REVIEW of REVIEWS

Photography Made Easier

New “Fast” Film is an Aid to Both Amateur and Professional Camera Users.

REVIEW OF REVIEWS July 1 1931
REVIEW of REVIEWS

Photography Made Easier

New “Fast” Film is an Aid to Both Amateur and Professional Camera Users.

REVIEW OF REVIEWS July 1 1931

Photography Made Easier

New “Fast” Film is an Aid to Both Amateur and Professional Camera Users.

REVIEW OF REVIEWS

A NEW type of photographic film, about three times as “fast” as the film now in use, has recently been invented. It will make photography easier for the amateur who can take good snapshots on sunny days but not on cloudy or rainy ones; it will lessen the amount of eyestraining artificial light now required in motion-picture studios; it will have many other advantages. Review of Reviews says: “The increased speed and extraordinary color sensitivity of the new film are expected to be of particular usefulness in naturalcolor photography, where the great concentration of light hitherto necessary has been a drawback.

“Another practical advantage claimed for the supersensitive film is an increase in the possible ‘depth of focus’ in sound-film photography. The use of incandescent lighting made desirable the wider opening of lens diaphragms to let additional light into the cameras. This, in turn, greatly diminished the range within which the actors could move and yet remain in focus. When sound came to the movies, depth of focus became of increasing importance, because it is irritating to audiences to hear a clear voice coming from an out-of-focus actor.

“With the greatly increased speed of the new film, it will henceforth be possible to ‘stop down’ lenses, increasing the depth of focus and thus permitting greater latitude to directors in moving their actors about before the camera. The characters will no longer have to remain in a narrow plane at a fixed distance from the lens under penalty of blurring into the background or becoming fuzzy in the foreground.

"An alternative advantage of the new film is the possibility of reducing the amount of light to one-half or one-third the present quantity.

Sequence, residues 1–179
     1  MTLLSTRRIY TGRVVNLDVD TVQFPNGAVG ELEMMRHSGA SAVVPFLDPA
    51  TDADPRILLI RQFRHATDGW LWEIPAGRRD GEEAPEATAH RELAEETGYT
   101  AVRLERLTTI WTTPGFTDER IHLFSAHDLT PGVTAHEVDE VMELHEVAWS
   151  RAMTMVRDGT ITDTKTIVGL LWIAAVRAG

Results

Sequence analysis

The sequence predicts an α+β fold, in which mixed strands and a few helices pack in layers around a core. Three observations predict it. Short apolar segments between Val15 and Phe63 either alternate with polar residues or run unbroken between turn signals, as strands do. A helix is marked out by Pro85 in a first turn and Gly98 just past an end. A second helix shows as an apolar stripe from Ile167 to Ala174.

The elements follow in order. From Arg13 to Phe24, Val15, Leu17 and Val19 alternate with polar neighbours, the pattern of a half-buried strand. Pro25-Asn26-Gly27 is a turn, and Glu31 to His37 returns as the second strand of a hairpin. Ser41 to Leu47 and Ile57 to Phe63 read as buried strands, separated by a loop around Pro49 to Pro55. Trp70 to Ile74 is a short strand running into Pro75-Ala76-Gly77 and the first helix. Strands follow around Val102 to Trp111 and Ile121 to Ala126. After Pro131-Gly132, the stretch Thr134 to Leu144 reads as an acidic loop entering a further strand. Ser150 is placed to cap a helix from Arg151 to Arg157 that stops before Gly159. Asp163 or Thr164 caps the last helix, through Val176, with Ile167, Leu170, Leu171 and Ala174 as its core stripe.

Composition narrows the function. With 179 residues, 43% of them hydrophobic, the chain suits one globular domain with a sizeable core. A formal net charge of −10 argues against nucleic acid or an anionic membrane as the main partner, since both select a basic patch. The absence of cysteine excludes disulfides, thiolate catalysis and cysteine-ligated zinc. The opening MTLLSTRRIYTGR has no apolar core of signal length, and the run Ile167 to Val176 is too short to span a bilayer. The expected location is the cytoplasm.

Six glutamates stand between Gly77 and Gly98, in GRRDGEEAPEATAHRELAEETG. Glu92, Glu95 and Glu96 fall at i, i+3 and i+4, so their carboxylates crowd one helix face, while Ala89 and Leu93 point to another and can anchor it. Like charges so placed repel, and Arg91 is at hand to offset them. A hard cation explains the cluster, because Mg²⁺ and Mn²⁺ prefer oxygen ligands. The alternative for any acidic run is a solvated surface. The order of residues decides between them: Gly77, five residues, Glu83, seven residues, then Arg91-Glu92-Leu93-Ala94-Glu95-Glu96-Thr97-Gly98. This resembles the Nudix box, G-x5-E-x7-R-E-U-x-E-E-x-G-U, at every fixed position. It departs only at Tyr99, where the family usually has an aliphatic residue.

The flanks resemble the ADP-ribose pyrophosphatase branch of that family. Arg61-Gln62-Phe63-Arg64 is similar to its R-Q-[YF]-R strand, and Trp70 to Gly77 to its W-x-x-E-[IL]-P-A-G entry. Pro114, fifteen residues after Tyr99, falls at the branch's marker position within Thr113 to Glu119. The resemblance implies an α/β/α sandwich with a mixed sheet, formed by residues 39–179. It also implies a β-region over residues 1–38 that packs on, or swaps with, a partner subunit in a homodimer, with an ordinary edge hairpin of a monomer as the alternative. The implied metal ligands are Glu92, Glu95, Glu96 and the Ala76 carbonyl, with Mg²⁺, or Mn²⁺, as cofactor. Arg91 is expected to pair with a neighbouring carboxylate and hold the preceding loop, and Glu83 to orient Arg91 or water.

“A further characteristic is the greater ability it will give news-reel cameramen to make pictures under difficult conditions, both at night and in daylight insufficient to make clear pictures.

“Prize-fight pictures, taken under incandescent lights, will be better, and previously impossible indoor-action scenes, like hockey and basket-ball, will become possible. Successful motion-pictures of action on a theatre stage, photographed from the balcony, were made during the tests that preceded announcement of the film—a feat considered difficult.

“Industrial photographers are often faced with difficulty in obtaining sufficient artificial lighting for subjects such as ‘long-shots’ of factory interiors or close-ups of machines with operators. Flashlights are banned in many plants—although the new photoflash-lamps have entirely eliminated smoke and the fire hazard. Since the supersensitive panchromatic film is especially efficient under artificial light, plant photography is obviously simplified. Much less artificial illumination is now required. This is valuable in several ways.

“First, that the amount of necessary lighting equipment is reduced.

“Second, that the amount of the electric ‘load’ is cut down.

"Third, photographers will no longer be required to clutter areas in which work is being done with large numbers of heavy lamps, and thereby avoid hampering general factory operations.

“Fourth, where the usual amount of artificial lighting is available, much shorter exposures are possible. This is valuable in arresting the motion of people or moving objects. If shorter exposures are not required, smaller lens stops can be employed to increase sharpness and 'depth of field.’ ”